Mother Seeks Interim Approval to Relocate with Children


When parents get divorced or separated, one of the most difficult issues to work through can be when one of the parents wants to move with the children. These issues can be negotiated between parties through mediation, but they can also require a trial if the parents are not able to come to a resolution on their own. In a recent decision from the Ontario Superior Court of Justice, the court was asked by the mother to grant an interim motion, allowing her to move from Oakville to Sarnia while awaiting a full trial. The father told the court there are significant reasons to keep the children in their current home.

Mother looks to relocate with children

The mother brought the motion seeking permission to move from Oakville to Sarnia with the parties’ children, aged 10 and 7 at the time of the trial. She had a number of reasons supporting her request. She told the court that she currently rents a home in Oakville but had purchased a home in Sarnia which was larger than the one she rents. She also told the court she has family in Sarnia who can provide her with a support network. She stated that she has better job opportunities in Sarnia. Finally, she alleged that the father had been abusive to both her and the children during their marriage. 

The father, who currently has access to the children on alternate weekends as well as one day each week, opposed the move. He said the motion was premature, and there is a great deal of information about the needs of the children that had not been shared with the court. He told the court that their older child suffers from a variety of mental health maladies, including Autism Spectrum Disorder, Attention Deficit and Hyperactivity Disorder, and Generalized Anxiety Disorder. The father said the child had had significant behavioural problems, including run-ins with the law and threats of self-harm. He said he was concerned that the wrong decision made without complete information could end up being irreversible, causing damage to the child’s mental health and the relationship between the children and the father. Finally, the father told the court that another judge had requested the involvement of the Office of the Children’s Lawyer (“OCL”) but that no decision related to whether that request would be approved had been made. 

The only consideration is the best interests of the children

Ontario’s Divorce Act states that the only consideration a court may consider when making parenting decisions that affect children are the child’s best interests. There are a number of factors that can be considered when determining the best interests of the child. While we won’t list these verbatims, they can be found in the decision. However, some factors are specific to relocation. The court quoted these as being,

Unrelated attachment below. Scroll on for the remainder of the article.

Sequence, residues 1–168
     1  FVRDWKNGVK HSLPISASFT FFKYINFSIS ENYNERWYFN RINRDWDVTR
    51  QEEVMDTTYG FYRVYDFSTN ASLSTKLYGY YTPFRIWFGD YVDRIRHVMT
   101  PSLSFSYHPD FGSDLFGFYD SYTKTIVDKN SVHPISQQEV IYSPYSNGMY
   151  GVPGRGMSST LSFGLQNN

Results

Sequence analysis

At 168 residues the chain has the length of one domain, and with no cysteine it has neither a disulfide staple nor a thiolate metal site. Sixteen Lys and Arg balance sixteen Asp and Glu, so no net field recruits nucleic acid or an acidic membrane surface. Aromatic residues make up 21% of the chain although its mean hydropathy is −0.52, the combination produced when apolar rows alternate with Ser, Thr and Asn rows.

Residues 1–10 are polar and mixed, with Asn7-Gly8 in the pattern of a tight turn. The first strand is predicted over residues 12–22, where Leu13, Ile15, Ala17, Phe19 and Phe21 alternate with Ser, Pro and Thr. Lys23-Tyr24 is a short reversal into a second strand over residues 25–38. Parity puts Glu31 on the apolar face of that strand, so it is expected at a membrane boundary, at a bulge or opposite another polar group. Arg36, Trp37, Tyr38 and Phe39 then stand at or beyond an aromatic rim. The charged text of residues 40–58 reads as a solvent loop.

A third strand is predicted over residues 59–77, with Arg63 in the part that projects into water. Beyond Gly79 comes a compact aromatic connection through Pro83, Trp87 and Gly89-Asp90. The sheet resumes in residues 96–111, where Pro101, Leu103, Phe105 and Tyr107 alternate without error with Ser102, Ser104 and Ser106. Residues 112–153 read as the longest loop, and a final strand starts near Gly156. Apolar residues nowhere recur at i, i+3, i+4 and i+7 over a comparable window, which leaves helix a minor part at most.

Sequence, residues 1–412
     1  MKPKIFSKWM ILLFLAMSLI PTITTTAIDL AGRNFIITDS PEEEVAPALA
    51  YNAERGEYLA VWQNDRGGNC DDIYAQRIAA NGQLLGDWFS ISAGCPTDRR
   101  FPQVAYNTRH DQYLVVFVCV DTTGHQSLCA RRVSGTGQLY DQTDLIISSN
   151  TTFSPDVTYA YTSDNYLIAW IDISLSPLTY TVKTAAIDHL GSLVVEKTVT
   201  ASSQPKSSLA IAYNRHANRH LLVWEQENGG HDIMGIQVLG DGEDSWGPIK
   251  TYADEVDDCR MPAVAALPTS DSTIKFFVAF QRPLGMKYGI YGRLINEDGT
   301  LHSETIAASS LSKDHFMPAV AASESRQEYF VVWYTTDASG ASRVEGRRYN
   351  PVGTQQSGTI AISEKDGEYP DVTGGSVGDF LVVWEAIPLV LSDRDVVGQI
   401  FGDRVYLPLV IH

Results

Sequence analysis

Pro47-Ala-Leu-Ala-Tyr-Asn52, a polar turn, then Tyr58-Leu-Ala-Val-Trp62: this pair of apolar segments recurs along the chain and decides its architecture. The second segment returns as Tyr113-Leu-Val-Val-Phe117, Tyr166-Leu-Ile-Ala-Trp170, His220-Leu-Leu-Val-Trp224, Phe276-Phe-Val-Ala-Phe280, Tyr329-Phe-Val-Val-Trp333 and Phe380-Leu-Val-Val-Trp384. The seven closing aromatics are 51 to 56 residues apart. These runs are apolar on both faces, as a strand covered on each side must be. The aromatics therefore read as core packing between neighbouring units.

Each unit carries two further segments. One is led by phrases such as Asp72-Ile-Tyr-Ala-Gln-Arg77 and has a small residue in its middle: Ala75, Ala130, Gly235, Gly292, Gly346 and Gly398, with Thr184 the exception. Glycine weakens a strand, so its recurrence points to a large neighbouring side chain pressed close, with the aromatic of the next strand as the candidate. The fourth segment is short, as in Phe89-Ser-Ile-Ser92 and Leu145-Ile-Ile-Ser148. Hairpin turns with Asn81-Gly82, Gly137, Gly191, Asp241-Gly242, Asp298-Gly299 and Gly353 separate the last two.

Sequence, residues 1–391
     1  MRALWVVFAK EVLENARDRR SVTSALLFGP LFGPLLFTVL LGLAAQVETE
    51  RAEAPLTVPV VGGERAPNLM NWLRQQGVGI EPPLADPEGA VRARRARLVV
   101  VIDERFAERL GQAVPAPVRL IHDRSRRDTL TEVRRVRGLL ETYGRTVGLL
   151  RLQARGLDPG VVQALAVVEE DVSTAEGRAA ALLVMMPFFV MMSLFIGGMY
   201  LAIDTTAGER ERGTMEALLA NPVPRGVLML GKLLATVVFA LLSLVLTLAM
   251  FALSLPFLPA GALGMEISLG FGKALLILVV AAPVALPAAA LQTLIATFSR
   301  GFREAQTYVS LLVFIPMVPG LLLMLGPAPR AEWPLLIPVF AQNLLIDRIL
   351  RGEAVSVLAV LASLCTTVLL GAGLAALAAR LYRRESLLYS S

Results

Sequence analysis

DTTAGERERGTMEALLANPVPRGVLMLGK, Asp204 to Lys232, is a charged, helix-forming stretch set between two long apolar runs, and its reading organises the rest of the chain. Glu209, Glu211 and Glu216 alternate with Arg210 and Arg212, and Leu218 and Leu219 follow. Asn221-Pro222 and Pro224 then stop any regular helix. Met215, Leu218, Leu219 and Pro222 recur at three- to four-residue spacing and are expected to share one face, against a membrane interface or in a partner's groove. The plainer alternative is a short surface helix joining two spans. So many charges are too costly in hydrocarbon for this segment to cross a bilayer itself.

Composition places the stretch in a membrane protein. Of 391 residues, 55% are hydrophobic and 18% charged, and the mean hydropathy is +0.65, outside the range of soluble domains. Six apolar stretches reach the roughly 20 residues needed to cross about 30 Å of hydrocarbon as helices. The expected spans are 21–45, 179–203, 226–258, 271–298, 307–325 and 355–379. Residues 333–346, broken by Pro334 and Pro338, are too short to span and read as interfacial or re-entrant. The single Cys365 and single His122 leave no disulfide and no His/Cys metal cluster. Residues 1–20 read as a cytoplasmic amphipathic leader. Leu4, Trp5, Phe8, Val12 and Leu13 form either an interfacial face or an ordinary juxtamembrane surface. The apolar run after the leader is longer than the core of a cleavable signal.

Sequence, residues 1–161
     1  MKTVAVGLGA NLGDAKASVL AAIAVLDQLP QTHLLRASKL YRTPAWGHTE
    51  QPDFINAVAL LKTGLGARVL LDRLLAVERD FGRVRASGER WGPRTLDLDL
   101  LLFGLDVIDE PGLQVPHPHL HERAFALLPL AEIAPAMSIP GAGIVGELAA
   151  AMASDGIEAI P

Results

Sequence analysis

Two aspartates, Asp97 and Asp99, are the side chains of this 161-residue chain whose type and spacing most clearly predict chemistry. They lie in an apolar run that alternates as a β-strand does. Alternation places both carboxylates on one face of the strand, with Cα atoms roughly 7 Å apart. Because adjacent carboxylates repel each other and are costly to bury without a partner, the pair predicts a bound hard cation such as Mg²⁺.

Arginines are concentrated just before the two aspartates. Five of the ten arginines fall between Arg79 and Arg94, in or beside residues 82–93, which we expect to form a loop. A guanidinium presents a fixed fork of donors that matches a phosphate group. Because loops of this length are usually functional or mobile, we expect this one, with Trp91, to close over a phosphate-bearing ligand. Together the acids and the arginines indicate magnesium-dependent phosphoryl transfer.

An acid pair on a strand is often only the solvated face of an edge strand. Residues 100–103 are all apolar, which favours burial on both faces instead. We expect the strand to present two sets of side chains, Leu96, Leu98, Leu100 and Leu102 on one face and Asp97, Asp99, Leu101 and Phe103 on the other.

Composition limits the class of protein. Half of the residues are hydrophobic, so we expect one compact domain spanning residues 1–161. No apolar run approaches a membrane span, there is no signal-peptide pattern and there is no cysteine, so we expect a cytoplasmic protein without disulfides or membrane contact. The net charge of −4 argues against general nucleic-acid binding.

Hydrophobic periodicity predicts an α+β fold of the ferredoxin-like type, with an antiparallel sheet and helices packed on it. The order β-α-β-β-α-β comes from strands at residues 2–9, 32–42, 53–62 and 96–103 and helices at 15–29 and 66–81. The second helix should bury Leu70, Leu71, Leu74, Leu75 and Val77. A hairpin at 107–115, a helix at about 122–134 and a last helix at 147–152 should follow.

(a) the reasons for the relocation;

(b) the impact of the relocation on the child;

(c) the amount of time spent with the child by each person who has parenting time or a pending application for a parenting order and the level of involvement in the child’s life of each of those persons;

(d) whether the person who intends to relocate the child complied with any applicable notice requirement under section 16.9, provincial family law legislation, an order, arbitral award, or agreement;

(e) the existence of an order, arbitral award, or agreement that specifies the geographic area in which the child is to reside;

(f) the reasonableness of the proposal of the person who intends to relocate the child to vary the exercise of parenting time, decision-making responsibility or contact, taking into consideration, among other things, the location of the new place of residence and the travel expenses; and

(g) whether each person who has parenting time or decision-making responsibility or a pending application for a parenting order has complied with their obligations under family law legislation, an order, arbitral award, or agreement, and the likelihood of future compliance.

With the mother being the parent who requested to relocate with the children, it was her job to demonstrate that a move would be within the children’s best interests. The court said that this case specifically only deals with a motion to move prior to a trial which would ultimately resolve that issue. 

The court found that the motion was ultimately premature in light of the father’s unresolved concerns. However, the court took a moment to address the mother’s argument, stating that she appears to be able to work remotely even though her job is technically based in Sarnia, making the move unnecessary for financial reasons. While the mother had purchased a home there, the court told her that she had done so without first getting approval to move and that its decision could not hinge on the purchase of a home. The court acknowledged that the mother has a family closer to Sarnia, but there was not any evidence that stated being closer to the family would benefit the children at this time. 

Ultimately, the court wrote that the children’s best interests are hard to determine at this point and that the involvement of the OCL would help gather the information needed to make a decision on relocation at a later point. 

Johnson Miller Family Lawyers can help you in the event that you or your spouse want to relocate with children

The experienced family law lawyers at Johnson Miller Family Lawyers have extensive experience helping clients through difficult situations related to shared parenting as well as relocation of a spouse or children. To make an appointment to speak to one of our lawyers about anything related to family law, please contact us online or by phone at 519-973-1500. We serve clients in Windsor, Essex County, and throughout the region. We look forward to talking with you and exploring how we might be able to help you today,

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